The Aurora Humanitarian Initiative and the $1 million Aurora Prize for Awakening Humanity were established on behalf of the descendants of the survivors of the Armenian Genocide, and in gratitude to those who risked their own wellbeing to help them survive. At the inaugural awards ceremony, held in Yerevan, Armenia, on April 24, 2016, Marguerite Barankitse from Maison Shalom and REMA Hospital in Burundi became the first laureate.
Barankitse was recognized for the extraordinary impact she has had in saving thousands of lives and caring for orphans and refugees during the years of civil war in Burundi. Consistent with the rules of this unique prize, the laureate selected the following three organizations as recipients of $1 million in humanitarian support: the Fondation du Grand-Duc et de La Grande-Duchesse du Luxembourg, Fondation Jean-François Peterbroeck (JFP Foundation), and the Fondation Bridderlech Deelen Luxembourg.
In a continuing effort to transform the Armenian experience from that of ‘victim’ to dignified, active global citizen, each year’s Aurora Prize ceremony is a celebration of the spirit of shared humanity – and resilience. This time, that celebration will culminate on May 28, in Yerevan, Armenia.
Known as First Republic Day, May 28 embodies the resilience of survivors who, just three years after the Genocide, declared and sustained an independent Armenian Republic from 1918 to 1920. The ceremony and accompanying events will highlight this journey from death to life, from horror to hope, from tragedy to revival.
The 2017 Aurora Prize finalists will be announced on April 24, 2017, the annual day of remembrance for victims of the Armenian Genocide. One of these finalists will then be named as the 2017 Aurora Prize Laureate at a special ceremony on May 28, 2017, in Yerevan, Armenia. The Laureate and finalists will be chosen by the Aurora Prize Selection Committee from a total of 558 nominations submitted from 66 countries around the world.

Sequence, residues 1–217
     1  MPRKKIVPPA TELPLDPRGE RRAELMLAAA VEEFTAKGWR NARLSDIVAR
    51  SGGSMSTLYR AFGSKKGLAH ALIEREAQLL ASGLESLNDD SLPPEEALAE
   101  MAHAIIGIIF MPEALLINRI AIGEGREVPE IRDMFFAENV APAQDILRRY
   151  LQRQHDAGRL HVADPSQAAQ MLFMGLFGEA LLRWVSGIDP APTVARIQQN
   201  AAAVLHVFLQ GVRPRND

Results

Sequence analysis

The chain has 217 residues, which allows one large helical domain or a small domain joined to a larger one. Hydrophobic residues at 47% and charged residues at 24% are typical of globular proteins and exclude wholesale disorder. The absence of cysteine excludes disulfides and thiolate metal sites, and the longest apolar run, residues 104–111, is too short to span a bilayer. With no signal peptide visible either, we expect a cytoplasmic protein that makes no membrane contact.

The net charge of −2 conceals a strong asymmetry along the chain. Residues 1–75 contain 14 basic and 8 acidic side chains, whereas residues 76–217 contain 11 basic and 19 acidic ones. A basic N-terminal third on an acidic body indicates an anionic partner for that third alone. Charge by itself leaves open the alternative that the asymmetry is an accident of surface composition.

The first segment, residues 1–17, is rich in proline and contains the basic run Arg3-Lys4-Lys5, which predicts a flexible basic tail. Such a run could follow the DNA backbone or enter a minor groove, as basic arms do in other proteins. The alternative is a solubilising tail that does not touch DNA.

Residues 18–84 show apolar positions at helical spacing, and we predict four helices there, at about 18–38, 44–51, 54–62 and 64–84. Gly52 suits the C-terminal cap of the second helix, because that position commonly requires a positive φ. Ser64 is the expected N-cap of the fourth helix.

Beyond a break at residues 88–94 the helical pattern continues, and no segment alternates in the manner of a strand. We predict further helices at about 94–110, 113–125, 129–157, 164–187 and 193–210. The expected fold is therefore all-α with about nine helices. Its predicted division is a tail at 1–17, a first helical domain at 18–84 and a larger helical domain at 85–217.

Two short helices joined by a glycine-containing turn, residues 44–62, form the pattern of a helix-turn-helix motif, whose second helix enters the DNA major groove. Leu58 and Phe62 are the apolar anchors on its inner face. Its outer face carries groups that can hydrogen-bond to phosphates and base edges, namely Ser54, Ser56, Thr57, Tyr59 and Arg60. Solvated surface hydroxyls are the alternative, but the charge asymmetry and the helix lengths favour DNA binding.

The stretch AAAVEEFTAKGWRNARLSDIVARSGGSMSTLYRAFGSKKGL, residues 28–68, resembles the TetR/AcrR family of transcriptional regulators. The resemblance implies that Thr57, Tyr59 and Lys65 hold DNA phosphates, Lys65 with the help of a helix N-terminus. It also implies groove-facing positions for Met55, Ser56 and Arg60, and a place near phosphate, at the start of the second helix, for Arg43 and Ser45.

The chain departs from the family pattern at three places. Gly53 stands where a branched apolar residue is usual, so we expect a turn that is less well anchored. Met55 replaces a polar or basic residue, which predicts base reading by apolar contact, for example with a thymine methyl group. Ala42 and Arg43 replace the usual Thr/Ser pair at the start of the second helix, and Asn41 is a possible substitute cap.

Noubar Afeyan, Co-Founder of the Aurora Humanitarian Initiative, observed: “Underpinning the Aurora Prize is a desire to pay tribute to those who have dedicated their lives to help others survive and thrive. It is gratifying that in such a short time this initiative has found resonance and appreciation in communities and countries around the world.”
Ruben Vardanyan added, “On May 28, Armenian survivors dared to declare independence in the aftermath of the Genocide and in the midst of regional tumult. Their plight embodies our conviction that victims very soon became not just survivors but also active, committed members of global society. The Aurora Humanitarian Initiative highlights the promise of transformation from helpless to hopeful, a possibility that is the right of all people.”
During the month between April 24 and May 28, the Aurora Humanitarian Initiative will organize a global program of activities to profile the inspirational stories of the 2017 finalists, as well as broader humanitarian endeavors. The Aurora Dialogues – a series of thought-provoking discussions featuring international humanitarian figures – debuted in Yerevan during the inaugural Aurora weekend. Those dialogues will also be expanded and shared with communities around the world and will also be a major component of the Aurora May 28 weekend, in Yerevan.